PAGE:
The Knit Knack's Blog

my handspinning, knitting, natural dye, weaving fibre home


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An indigo dyed handspun cardigan

Handknit cardigan with lower lace panel Vodka Lemonade pattern in handspun Polwarth wool indigo dyed work in progress with double point needle holder

Warming my nights: an indigo dyed handspun cardigan knit

Currently on my needles with enough yarn for a second long sleeve is the handspun Polwarth 2-ply wool from last summer’s indigo dye fructose vat.

The knit’s pattern is the popular 2012 Vodka Lemonade by BabyCocktails, Thea Coleman.  Needle keeper shown is by @knitspinquilt.

Substituting a handspun yarn

Knitters have recently been discussing the financial accessibility of new sweater designs on social media, blog posts.  For a bunch of reasons that I do not plan to unpack the discussion gave a slight nod to spinning as an option, and then moved right along.

Premise of this post:  spinning yarn for garments is an option.  Yes, even slightly pear-shaped yarn.

Spinning single undyed Polwarth wool yarn by irieknit on Spinolution Mach 2 spinning wheel flyer detail

November 2015, dreaming of a sweater quantity

It was a simple idea really.  In September 2014, a 1 lb bag of Polwarth combed top from a large commercial mill cost A$38.59 plus tax & mileage to/from The Fibre Garden in Jordan, Ontario.

Spinolution Mach 2 spinning wheel bobbin with 2-ply undyed Polwarth wool spun by irieknit

Comfort spinning on Spinolution Mach 2

Earl, the Spinolution Mach 2 wheel was a good choice for my easy default worsted-style yarn but I ran into a mechanical issue of the drive wheel knocking the frame.

Melvin a tuxedo domestic short hair cat lying in lap of irieknit during Polwarth wool spinning at Spinolution Mach 2 spinning wheel

Sometimes Melvin appears as if from nowhere to see about his spinner

Customer service was responsive.  I was able to finish through to almost 1,400 yards of 2-ply 100% Polwarth wool but the wheel action changed.  Time frame is August 2015 – December 2016.

Evaluating the handspun yarn

In addition to a big wheel action change, 2016 was my watershed year.  The last 7 months were a special challenge.  As a result, skeins 1 – 3 are finer weight (i.e. higher grist) than 4 & 5.

What the industrial yarn complex is very good at is giving consistent grist even between lots.  And then there is my handspun sweater quantity (SQ) that we can follow Diane Varney & call a “coordinated yarn.”  Her galley in “Spinning Designer Yarns”, 2003, p. 22 states:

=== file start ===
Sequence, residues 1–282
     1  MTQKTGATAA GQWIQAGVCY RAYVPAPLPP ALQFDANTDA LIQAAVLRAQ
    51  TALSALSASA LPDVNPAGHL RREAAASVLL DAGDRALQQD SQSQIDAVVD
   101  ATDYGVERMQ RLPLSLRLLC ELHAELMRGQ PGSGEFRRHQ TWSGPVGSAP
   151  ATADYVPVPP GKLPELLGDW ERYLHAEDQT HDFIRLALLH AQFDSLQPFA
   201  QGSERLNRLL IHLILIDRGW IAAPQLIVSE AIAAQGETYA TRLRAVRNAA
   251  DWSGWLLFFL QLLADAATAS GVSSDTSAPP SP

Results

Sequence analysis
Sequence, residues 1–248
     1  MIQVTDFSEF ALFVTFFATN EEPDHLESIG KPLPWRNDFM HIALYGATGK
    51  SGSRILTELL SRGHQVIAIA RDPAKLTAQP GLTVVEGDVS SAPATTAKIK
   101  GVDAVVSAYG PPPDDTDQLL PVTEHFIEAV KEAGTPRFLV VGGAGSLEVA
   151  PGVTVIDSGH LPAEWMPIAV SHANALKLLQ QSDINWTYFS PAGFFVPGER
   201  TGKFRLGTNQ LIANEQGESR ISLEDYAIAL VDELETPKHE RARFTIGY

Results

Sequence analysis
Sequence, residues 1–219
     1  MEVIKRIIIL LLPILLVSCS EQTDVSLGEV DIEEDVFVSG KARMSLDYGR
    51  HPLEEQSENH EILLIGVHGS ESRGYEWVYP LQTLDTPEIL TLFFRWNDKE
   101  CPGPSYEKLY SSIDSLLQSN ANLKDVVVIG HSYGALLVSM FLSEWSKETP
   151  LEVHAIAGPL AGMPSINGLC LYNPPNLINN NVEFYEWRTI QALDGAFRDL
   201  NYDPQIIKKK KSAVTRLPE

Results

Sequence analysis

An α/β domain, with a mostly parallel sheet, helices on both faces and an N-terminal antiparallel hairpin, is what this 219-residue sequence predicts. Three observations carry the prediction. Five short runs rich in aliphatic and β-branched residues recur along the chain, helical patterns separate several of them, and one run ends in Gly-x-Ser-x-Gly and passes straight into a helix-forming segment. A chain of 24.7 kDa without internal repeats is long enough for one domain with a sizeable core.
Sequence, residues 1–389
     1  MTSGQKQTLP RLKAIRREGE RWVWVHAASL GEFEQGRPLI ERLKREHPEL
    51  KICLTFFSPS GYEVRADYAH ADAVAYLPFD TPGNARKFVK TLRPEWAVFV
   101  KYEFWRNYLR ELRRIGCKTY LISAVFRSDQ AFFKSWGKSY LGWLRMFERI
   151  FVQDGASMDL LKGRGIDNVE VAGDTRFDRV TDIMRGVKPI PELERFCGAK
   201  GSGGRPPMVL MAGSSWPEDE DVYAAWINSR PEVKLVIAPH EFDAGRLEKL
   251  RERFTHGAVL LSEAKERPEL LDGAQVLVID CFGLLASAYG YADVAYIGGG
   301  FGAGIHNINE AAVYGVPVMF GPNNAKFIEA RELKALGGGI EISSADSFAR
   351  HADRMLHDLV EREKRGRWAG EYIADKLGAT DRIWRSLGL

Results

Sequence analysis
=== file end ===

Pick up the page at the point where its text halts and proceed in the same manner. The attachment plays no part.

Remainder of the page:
Coordinated yarns come from spinning wheels not mills.

The text says how I ultimately resolved my issue:

Spin different sizes of yarn to be used in different parts of a garment, or in coordinating separates.  For a bulky sweater, a lighter yarn may provide a more supple and comfortable ribbing.

The all-in number of 1,400 yards per pound is on the light-weight end of a DK mill-spun yarn.  For a chart of yarn weights, grists, knit uses scroll through “Calculating Fibre Quantities for Spinning” by Felicia Lo here.

Botanical colors Indigo Shibori Kit photo by irieknit

How a plan solidifies – Indigo!

The yarn found its voice last summer when the Botanical Colors 1-2-3 indigo vat recipe (adapted from Michel Garcia) not only dyed all of my Orlando mohair bouclé but still had legs.

Heya, Polwarth!

Wet freshly dyed indigo handspun Polwarth skeins suspended on wood rod over chair with dye pot and mixing stick

Seriously thrilling first indigo dye day here

This was when I settled the question – there would be no separation; I had an indigo handspun SQ for sure.

You see a shift in grist – what does this mean for a knitted garment?

When hoping to knit with any non-standard yarn, I start by looking for a suitable pattern that will flex.  As June Hemmons Hiat writes in Chapter 23 on Stitch Gauge:

Some projects require greater precision for a good fit, while with others you can take a more relaxed approach… (“The Principles of Knitting – Methods and Techniques of Hand Knitting”, 2012, p. 455)